SACRAMENTO—Assembly Speaker John A. Pérez (D-Los Angeles) today announced that thanks to efforts by the Assembly, California’s local First 5 Commissions, and the Brown Administration, thousands of working parents in California will continue to receive the child care services that allow them to stay in their jobs and keep their families off welfare.

“With the stroke of his blue pencil last fall, former Governor Schwarzenegger forced thousands of working parents to face the choice of losing their jobs or letting their kids fend for themselves,” Pérez said. “Today, I am pleased to announce that we did not let that happen and that this program is in fact being restored and is included in Governor Brown’s budget. This is a big win for working parents and their children, and also for the thousands of small business child care providers who would have had to close their doors or lay off their employees.”

In December, Speaker Pérez introduced AB 1, the first bill introduced in the 2011-2012 session of the Assembly, to reverse Schwarzenegger’s veto and restore the Stage 3 Child Care services that enable parents to transition from welfare to work. Speaking from the Assembly floor today, Pérez announced AB 1 would now be used as a vehicle if one is necessary to allocate existing transition funding until the budget is enacted and the program officially restored.

“Not only did Governor Brown hear us and restore Stage 3 Child Care in his budget this week, his administration is also actively working with us to identify existing funding that can be used to transition until the budget is enacted,” Pérez said. “As we move forward, should it be determined that any interim funding we identify requires authorizing legislation, I will make AB 1 available for that purpose.”

More than $40 million in bridge funding – including $6 million from cuts Speaker Pérez made to the Assembly’s own budget and additional funding he sought from the county First 5 commissions – helped buy time until Stage 3 Child Care services could be restored. A judge’s stay of the elimination of the services also allowed time for Speaker Pérez and other advocates to successfully push for the program’s restoration.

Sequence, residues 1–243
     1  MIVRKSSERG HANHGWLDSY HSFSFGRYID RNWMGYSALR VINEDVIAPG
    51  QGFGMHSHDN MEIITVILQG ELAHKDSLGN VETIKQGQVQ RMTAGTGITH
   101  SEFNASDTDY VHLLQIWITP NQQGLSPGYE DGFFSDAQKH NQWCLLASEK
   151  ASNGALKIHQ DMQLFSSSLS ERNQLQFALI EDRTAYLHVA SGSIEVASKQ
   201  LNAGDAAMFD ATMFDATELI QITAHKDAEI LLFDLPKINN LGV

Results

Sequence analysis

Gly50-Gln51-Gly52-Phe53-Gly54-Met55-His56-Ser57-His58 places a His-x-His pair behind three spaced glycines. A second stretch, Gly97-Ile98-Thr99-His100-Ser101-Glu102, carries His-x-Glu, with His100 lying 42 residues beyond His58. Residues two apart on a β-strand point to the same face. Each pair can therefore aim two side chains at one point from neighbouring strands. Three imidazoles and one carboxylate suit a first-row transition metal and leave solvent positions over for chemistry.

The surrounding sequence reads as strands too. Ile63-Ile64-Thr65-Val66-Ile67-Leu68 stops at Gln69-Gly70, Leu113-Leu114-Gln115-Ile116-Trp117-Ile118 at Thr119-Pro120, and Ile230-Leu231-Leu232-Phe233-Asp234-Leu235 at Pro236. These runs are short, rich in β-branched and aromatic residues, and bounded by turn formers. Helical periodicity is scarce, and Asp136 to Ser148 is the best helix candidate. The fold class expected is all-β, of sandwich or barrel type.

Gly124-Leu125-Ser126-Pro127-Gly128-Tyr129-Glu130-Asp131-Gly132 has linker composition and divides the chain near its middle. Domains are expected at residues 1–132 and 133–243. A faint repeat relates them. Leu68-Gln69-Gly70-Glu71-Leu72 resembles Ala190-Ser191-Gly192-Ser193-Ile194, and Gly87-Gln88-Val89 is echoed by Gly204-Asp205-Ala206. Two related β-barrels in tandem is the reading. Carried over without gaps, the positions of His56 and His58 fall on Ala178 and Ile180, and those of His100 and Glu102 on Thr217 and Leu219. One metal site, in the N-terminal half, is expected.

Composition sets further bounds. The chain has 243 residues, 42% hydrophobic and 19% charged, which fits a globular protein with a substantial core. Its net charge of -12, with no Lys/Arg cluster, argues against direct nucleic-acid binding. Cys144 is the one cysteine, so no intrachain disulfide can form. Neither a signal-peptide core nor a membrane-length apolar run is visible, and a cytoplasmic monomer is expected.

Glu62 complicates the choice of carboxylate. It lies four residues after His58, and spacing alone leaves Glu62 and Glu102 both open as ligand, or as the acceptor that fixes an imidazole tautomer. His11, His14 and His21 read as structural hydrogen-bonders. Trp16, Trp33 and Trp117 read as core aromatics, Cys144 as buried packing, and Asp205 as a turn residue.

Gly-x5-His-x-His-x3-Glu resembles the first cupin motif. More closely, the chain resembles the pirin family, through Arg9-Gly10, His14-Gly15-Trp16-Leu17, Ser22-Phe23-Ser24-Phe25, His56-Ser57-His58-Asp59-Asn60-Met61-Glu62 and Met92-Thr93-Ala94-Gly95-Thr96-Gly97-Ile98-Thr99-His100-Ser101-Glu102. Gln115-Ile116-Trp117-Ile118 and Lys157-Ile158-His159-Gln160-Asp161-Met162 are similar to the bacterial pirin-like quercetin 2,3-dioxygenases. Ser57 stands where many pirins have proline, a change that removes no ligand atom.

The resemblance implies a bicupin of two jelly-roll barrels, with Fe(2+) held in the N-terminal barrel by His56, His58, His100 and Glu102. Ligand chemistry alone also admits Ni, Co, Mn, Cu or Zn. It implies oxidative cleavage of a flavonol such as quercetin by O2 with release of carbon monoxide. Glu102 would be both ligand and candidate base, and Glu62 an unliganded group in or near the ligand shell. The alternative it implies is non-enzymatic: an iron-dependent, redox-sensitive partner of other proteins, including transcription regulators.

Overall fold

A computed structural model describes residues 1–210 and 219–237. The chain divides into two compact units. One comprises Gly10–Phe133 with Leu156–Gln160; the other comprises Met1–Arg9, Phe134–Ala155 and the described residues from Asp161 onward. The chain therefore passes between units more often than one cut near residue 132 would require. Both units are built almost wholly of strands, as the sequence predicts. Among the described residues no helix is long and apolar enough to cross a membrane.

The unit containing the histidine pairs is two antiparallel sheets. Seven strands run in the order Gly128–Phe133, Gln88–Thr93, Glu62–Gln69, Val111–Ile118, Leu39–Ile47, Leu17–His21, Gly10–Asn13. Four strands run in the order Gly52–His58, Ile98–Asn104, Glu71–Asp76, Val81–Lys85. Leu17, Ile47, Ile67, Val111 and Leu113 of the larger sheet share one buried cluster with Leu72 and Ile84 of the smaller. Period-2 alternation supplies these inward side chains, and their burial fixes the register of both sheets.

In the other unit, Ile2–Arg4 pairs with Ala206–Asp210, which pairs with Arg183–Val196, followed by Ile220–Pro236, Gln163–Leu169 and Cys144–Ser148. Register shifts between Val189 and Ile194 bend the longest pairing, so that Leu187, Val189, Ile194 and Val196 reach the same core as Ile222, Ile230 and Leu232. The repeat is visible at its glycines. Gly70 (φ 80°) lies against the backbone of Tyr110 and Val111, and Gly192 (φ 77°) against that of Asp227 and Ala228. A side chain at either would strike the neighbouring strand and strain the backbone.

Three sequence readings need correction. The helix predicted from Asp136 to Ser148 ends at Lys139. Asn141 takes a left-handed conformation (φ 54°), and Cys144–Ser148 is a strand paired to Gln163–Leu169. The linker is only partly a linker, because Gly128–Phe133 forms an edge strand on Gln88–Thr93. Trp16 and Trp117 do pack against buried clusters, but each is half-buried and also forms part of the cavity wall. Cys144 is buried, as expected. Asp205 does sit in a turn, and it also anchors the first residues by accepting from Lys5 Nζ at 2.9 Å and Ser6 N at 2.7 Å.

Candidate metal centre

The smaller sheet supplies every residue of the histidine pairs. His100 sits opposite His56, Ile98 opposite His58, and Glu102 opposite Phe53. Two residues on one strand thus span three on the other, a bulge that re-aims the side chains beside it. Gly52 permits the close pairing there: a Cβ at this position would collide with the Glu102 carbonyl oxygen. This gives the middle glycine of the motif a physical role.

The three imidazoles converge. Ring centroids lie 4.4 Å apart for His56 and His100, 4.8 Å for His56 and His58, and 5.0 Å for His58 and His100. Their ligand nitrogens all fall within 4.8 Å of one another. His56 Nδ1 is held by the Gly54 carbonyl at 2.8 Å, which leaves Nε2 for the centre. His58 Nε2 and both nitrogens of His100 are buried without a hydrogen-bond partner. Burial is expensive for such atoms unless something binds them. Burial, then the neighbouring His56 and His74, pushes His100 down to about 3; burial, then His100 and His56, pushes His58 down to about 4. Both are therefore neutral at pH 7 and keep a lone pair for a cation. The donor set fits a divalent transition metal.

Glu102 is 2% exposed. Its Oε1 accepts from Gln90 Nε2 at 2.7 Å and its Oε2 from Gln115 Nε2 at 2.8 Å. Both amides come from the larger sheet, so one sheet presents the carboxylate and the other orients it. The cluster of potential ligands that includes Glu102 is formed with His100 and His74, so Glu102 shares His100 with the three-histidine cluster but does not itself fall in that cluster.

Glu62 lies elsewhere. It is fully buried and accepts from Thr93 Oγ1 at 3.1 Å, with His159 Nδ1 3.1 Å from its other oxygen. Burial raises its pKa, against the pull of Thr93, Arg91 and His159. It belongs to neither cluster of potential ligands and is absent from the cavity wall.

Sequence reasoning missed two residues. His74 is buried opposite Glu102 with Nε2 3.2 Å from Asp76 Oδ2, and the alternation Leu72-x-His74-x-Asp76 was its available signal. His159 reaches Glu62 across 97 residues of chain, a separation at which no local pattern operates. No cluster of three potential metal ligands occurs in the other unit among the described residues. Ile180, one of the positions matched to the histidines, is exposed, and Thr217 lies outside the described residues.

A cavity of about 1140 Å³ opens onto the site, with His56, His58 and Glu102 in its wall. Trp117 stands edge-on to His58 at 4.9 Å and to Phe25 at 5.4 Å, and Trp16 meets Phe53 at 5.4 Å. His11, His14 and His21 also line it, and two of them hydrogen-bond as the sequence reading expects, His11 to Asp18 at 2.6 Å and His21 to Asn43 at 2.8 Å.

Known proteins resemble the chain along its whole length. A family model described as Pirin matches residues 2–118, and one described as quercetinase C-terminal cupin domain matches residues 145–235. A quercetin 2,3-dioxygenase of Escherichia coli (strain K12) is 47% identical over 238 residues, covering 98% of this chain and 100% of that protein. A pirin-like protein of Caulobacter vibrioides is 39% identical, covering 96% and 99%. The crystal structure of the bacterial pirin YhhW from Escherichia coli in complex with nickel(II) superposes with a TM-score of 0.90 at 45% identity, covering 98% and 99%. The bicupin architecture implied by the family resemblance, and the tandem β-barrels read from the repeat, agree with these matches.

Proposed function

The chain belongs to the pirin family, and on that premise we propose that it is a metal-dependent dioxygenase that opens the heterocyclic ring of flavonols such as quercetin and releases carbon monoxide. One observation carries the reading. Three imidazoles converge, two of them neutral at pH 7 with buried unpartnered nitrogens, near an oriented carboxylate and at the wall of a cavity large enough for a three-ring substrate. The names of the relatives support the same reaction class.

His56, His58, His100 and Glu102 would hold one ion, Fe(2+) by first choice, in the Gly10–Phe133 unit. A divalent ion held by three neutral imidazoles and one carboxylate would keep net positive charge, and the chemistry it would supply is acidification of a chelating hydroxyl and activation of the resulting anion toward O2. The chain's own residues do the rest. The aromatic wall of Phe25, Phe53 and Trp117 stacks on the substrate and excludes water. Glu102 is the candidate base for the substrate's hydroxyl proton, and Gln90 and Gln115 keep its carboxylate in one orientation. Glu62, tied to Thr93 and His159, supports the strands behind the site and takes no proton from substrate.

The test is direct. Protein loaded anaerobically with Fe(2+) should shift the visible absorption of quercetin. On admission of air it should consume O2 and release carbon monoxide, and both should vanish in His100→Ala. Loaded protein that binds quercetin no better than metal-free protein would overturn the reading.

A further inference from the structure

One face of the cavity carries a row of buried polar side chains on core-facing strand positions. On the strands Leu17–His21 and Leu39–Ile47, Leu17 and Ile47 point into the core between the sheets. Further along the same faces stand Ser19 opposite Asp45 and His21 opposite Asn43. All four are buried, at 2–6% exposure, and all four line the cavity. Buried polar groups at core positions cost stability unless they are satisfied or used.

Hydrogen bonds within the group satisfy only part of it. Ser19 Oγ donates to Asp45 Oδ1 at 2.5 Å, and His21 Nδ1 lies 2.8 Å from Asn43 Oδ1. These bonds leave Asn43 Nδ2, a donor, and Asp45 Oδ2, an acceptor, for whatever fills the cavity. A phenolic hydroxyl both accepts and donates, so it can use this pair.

“Of course, there are still difficult cuts proposed to all child care programs – and undoubtedly, the final budget will have to include some of the proposed reductions,” Pérez said. “But as painful as those cuts may be, they will still be far better than Governor Schwarzenegger’s wholesale elimination throwing 60,000 families out of the workforce or their children into harm’s way. This is a very positive sign we can work with this Governor to create jobs, put California’s fiscal house in order, and make sure every Californian can find opportunity and the chance to succeed.”

October 8, 2010—Governor Schwarzenegger blue-pencils Stage 3 Child Care funds eliminating services for 81,000 children in 60,000 families transitioning from welfare to work.

October 19, 2010— Assembly Speaker John A. Pérez pledges $6 million from part of his 15% cut to the Assembly operating budget and contacts state and county First 5 commissions asking for help in providing bridge funding until Stage 3 Child Care can be restored. Local commissions take action throughout the next several weeks.

October 29, 2010—Alameda County judge issues stay in implementation of the cuts and orders November hearing.

November 5, 2010—Speaker Pérez announces more than $40 Million in bridge funding pledged so far.

November 17, 2010—Judge approves settlement keeping child care services available through end of year.

Dec 6, 2010— Speaker Pérez introduces AB 1 to reverse the veto and restore Stage 3 Child Care.